Blocking this enzyme increases the amount of calcium and potassium inside heart cells. This helps the heart contract more forcefully with each heartbeat, making it more efficient at pumping blood throughout the body. It also slows down the rate at which the heart beats.
Although most people tolerate this drug well, there are potential side effects with digoxin. Some of the common reactions include dizziness, headaches, and nausea. Most of these problems are easy to treat; however, contact your healthcare provider immediately if you develop more serious complications, such as blurred vision, confusion, or vomiting.
(To learn more about this drug's effects, click Digoxin. This article takes a closer look at how digoxin works, discusses general safety precautions to be aware of, and offers tips for taking the drug.)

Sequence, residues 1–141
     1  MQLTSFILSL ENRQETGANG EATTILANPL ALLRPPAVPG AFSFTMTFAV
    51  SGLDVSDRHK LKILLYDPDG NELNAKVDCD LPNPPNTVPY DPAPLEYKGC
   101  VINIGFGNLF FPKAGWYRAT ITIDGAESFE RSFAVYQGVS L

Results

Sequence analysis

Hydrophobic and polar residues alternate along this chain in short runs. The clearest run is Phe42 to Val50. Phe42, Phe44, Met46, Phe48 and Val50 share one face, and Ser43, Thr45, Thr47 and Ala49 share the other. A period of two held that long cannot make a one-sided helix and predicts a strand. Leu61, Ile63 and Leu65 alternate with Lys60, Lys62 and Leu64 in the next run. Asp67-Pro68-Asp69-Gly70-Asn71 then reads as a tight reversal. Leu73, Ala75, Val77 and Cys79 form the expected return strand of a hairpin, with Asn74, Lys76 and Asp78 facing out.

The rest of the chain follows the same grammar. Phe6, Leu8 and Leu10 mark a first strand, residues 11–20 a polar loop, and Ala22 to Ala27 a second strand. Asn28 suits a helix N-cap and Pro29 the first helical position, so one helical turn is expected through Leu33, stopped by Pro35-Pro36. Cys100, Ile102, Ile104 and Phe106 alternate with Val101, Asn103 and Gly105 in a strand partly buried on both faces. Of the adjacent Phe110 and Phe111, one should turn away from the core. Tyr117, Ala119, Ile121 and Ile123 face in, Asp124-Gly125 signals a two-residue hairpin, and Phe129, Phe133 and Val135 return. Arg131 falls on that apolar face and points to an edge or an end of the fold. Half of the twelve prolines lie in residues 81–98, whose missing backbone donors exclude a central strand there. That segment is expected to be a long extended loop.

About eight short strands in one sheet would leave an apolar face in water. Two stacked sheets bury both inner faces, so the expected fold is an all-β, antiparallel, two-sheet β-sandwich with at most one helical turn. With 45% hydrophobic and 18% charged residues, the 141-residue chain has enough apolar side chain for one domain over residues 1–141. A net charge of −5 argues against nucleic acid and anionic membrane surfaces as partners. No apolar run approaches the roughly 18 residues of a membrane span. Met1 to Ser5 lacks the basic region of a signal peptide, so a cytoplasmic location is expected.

Written by/reviewed by: Kristi Monson, PharmD;Arthur Schoenstadt, MD
Food and Drug Administration, Center for Drug Evaluation and Research. Electronic orange book: approved drug products with therapeutic equivalence evaluations. FDA Web site. Available at: http://www.fda.gov/cder/ob/. Accessed February 18, 2011.
National Library of Medicine (US). Drugs and Lactation Database (LactMED). NLM Web site. Available at: http://toxnet.nlm.nih.gov/cgi-bin/sis/htmlgen?LACT. Accessed February 18, 2011.
Digoxin. Drug Facts and Comparisons. Drug Facts and Comparisons 4.0 [online]. 2011. Available from Wolters Kluwer Health, Inc. Accessed February 18, 2011.
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